COGR Requests More Time To Comply with NIH Good Clinical Practice Policy

October 10, 2016 | By Jerry Ashworth | Post a Comment

lab-work_lgThe National Institutes of Health (NIH) recently issued its Policy on Good Clinical Practice (GCP) Training for NIH Awardees Involved in NIH-funded Clinical Trials, but many research universities fear that the implementation date of the policy — Jan. 1, 2017 — is unrealistic. Anthony P. DeCrappeo, president of the Council on Governmental Relations (COGR), which represents numerous research universities and medical centers, last week sent a letter to NIH seeking an extension of the policy implementation date to May 1, 2017.

The letter states that some institutions have longstanding programs based on GCP principles for clinical investigators working on Food and Drug Administration (FDA)-regulated industry-sponsored clinical trials. However, NIH’s GCP policy now expands the number of investigators required to complete such training and also requires institutions to develop a compliance infrastructure that may not have existed before. COGR had three concerns in particular with the NIH policy.

First, COGR said the effective date is too early. “Institutions take training obligations seriously and need sufficient time to meet NIH’s expectations,” according to the letter. “Despite regular interactions with NIH through various channels, our university members were not aware that this policy was set to be issued. To implement this policy, institutions may need to: (1) identify and adapt an appropriate training program as necessary; (2) integrate it into their existing training systems; and (3) identify, and establish contacts for, staff subject to this new training requirement.” It further noted that NIH’s definition of “clinical trial staff” may include individuals who were not previously identified as members of the study team, such as a computer programmer or database manager who has no contact with research subjects, but is responsible for data management. Because of these concerns, COGR requested that the implementation date be extended to May 1, 2017.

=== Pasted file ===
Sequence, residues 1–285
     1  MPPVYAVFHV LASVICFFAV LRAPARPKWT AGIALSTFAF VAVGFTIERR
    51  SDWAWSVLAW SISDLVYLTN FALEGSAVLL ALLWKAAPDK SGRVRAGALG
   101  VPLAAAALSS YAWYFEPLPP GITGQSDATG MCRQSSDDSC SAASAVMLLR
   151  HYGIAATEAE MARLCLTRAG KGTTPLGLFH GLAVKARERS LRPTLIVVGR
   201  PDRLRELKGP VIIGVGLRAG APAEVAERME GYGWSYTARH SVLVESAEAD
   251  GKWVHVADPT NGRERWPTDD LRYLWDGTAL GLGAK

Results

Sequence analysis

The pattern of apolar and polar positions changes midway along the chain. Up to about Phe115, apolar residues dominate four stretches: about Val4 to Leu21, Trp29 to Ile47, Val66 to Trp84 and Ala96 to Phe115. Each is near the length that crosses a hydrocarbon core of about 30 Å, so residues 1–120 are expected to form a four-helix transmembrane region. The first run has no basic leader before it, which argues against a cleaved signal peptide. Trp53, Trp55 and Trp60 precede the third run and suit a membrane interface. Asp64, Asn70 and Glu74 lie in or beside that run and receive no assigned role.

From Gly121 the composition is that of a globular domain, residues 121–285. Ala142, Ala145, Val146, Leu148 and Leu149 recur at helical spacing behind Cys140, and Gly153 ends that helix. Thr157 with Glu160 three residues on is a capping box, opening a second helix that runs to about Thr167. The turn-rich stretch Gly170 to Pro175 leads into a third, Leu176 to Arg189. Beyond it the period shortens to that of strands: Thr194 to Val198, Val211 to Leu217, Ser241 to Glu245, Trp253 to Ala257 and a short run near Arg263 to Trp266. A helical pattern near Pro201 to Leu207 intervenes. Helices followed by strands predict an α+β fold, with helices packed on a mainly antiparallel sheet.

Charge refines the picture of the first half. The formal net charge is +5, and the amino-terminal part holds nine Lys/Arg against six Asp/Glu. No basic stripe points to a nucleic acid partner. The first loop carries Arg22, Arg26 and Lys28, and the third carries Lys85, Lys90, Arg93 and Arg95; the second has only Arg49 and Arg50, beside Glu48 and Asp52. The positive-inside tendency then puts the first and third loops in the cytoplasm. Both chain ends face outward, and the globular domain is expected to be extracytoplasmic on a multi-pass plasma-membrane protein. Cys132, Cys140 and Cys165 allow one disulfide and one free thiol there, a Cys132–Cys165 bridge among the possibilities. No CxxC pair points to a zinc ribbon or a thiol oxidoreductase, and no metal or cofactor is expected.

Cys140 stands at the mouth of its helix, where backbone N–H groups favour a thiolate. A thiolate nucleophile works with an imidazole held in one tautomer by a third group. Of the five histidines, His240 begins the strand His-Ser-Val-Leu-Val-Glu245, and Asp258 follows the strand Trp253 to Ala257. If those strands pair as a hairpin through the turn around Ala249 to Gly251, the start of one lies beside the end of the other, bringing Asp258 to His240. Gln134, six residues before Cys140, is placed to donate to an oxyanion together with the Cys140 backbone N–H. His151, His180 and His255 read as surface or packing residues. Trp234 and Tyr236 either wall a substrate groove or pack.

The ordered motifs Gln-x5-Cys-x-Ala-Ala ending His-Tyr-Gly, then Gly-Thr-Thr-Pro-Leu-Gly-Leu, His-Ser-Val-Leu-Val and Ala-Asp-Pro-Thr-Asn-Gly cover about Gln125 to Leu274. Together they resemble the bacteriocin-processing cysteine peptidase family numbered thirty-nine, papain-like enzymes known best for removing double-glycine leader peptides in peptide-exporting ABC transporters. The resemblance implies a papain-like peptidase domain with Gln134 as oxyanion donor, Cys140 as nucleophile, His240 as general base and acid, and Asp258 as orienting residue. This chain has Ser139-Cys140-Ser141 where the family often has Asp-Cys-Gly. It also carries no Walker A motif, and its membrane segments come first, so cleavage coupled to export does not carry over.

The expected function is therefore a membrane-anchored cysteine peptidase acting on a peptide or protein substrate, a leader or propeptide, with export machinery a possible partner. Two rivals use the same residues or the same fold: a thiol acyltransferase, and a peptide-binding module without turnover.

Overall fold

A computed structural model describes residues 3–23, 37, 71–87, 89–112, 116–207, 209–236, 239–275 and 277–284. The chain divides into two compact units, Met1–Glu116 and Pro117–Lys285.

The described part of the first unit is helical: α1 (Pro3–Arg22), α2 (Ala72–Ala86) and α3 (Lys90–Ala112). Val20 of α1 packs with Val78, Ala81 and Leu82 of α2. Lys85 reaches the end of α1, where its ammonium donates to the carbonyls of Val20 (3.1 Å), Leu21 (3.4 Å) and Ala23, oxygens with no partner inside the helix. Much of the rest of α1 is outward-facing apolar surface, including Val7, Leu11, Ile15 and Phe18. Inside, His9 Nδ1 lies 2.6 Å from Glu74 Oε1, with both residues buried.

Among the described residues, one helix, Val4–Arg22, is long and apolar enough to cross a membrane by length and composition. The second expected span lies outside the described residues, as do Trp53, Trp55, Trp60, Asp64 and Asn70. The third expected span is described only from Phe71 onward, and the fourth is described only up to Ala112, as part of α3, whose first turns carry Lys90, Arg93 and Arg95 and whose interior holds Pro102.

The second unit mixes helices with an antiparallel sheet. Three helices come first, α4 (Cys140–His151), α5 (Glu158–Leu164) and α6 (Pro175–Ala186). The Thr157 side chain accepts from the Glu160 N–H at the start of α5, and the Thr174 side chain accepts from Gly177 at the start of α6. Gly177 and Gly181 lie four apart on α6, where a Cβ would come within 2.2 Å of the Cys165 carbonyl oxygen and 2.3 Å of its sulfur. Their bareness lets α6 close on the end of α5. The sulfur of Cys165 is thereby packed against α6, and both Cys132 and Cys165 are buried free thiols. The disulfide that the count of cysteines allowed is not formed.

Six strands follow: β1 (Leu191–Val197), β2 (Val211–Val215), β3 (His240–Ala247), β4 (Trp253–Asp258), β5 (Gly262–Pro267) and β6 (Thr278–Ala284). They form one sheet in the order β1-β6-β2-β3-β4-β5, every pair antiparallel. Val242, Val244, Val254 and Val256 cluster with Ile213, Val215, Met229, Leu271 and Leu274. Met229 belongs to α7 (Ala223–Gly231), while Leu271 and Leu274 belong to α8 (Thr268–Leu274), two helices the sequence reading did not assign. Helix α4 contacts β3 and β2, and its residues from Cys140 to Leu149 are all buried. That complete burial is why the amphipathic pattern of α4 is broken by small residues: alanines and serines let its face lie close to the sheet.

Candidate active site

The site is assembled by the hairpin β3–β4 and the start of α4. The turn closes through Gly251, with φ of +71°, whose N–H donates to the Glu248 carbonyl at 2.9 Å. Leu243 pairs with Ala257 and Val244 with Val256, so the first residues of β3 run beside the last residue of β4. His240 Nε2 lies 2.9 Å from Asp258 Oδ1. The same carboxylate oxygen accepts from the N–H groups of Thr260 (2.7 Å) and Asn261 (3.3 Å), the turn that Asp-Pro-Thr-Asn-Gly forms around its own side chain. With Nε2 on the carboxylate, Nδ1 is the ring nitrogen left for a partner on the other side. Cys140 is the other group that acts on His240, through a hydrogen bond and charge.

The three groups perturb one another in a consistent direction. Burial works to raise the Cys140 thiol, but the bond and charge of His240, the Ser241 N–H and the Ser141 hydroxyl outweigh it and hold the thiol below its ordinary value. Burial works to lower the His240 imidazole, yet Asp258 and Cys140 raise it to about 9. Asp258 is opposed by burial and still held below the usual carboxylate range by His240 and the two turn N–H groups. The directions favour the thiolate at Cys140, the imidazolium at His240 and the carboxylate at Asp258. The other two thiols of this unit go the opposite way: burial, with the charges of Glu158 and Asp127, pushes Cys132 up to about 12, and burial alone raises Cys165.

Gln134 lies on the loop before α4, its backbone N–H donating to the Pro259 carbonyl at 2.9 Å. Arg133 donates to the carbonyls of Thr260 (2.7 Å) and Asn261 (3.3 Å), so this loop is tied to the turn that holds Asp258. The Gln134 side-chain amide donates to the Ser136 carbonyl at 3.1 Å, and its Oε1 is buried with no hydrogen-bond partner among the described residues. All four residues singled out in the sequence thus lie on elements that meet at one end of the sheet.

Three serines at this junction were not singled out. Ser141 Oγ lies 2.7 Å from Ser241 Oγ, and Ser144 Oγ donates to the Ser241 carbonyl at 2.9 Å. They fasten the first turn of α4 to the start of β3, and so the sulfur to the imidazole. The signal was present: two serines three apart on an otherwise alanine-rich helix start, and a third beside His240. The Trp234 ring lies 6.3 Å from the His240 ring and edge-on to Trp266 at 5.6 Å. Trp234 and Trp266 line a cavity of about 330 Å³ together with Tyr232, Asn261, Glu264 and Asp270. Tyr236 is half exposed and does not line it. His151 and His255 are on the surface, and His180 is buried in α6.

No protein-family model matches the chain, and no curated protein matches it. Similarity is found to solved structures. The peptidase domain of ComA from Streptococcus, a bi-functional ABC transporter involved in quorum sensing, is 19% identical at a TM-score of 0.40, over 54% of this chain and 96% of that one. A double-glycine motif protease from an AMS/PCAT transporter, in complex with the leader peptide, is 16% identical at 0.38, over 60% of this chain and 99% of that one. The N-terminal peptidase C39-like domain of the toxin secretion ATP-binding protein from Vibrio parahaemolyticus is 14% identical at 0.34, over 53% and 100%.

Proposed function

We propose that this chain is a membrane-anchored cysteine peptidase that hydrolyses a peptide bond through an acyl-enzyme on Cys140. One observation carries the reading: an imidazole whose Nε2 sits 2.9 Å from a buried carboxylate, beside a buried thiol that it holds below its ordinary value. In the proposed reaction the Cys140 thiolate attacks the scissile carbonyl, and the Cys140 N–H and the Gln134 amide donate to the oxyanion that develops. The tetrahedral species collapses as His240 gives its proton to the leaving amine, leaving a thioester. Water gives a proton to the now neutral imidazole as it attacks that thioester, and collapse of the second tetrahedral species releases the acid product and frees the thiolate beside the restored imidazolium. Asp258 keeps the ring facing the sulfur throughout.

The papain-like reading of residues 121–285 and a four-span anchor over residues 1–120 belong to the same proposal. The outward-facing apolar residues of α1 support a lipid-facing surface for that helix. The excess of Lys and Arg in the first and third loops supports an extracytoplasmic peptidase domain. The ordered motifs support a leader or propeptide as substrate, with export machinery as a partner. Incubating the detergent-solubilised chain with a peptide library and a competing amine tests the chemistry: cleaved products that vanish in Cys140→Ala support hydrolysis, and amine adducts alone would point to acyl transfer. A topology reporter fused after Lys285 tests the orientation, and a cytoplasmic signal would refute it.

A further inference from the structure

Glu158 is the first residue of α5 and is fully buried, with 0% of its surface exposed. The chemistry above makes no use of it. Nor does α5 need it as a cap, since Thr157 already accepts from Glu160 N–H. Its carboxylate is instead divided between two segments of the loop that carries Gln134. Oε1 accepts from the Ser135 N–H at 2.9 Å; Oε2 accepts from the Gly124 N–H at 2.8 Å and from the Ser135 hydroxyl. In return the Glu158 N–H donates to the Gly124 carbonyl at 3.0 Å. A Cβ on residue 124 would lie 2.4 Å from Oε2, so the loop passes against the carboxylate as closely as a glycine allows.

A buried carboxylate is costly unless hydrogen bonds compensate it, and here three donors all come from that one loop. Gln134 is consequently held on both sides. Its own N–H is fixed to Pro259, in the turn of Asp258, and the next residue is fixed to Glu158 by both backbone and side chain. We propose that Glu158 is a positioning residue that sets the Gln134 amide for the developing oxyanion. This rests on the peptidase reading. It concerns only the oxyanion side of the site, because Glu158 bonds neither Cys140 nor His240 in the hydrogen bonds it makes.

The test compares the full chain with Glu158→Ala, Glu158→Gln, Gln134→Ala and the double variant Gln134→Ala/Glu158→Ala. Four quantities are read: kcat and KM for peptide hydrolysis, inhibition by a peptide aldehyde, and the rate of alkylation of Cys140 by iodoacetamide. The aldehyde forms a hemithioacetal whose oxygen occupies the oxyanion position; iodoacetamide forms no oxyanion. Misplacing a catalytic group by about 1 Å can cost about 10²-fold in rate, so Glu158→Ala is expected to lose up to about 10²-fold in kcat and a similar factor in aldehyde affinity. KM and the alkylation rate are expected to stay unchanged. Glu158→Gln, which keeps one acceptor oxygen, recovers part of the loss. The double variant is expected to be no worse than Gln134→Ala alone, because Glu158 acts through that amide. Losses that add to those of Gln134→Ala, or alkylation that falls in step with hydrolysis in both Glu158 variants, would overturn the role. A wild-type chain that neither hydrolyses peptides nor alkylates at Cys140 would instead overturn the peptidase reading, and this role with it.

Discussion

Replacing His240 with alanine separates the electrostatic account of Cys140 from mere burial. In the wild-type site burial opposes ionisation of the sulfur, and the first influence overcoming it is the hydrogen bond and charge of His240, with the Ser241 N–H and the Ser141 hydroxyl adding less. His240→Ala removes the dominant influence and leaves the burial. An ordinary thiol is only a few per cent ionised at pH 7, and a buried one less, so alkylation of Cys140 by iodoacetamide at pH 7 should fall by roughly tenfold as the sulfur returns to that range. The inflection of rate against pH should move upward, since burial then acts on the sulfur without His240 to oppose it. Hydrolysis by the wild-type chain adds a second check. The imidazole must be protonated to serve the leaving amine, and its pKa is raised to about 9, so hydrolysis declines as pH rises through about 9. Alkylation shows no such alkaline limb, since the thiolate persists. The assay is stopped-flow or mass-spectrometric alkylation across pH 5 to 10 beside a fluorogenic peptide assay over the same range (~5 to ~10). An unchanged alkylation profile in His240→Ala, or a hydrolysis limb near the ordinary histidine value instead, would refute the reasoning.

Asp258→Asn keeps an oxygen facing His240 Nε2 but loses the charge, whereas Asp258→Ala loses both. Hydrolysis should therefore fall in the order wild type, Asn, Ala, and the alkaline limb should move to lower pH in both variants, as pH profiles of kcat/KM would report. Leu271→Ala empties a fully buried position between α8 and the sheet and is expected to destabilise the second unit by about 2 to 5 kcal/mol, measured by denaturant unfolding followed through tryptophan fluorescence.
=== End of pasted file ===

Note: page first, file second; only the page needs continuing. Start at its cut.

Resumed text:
COGR also questioned the definition of “investigator.” The policy defines an investigator as “the individual responsible for the conduct of the clinical trial at a trial site. If a clinical trial is conducted by a team of individuals at a trial site, the investigator is the responsible leader of the team and may be called the principal investigator.” COGR said this definition differs from the FDA’s definition of “investigator.” “This lack of consistency is bound to create confusion among researchers and administrators, as the same word has different meanings depending on which NIH policy is being applied,” COGR said. It suggested that in the GCP policy, NIH replace the term “investigator” with the term, “clinical investigator,” defined as “the project director or principal investigator and any other person, regardless of title or position, who is responsible for the design, conduct, or reporting of a clinical trial funded by the PHS, including but not limited to responsibility for study coordination, data collection and data management, recruitment and informed consent, and compliance with regulatory and reporting requirements.”

Lastly, COGR sought clarification on when and to whom this policy applies. “Does the policy apply only to proposals submitted and awarded on or after the effective date?” GOGR asked in the letter. “COGR member institutions feel strongly that it should apply only on a go-forward basis. Applying this policy to all active awards will require significant administrative work to identify the awards and the applicable staff, a task made even more difficult by the Jan. 1 effective date.”

We’ll follow the course of this policy to see if NIH opts to change the implementation date, or if it makes any of the other suggested changes.

Let us know your reaction to this letter on the Good Clinical Practice policy. Does COGR have a point?

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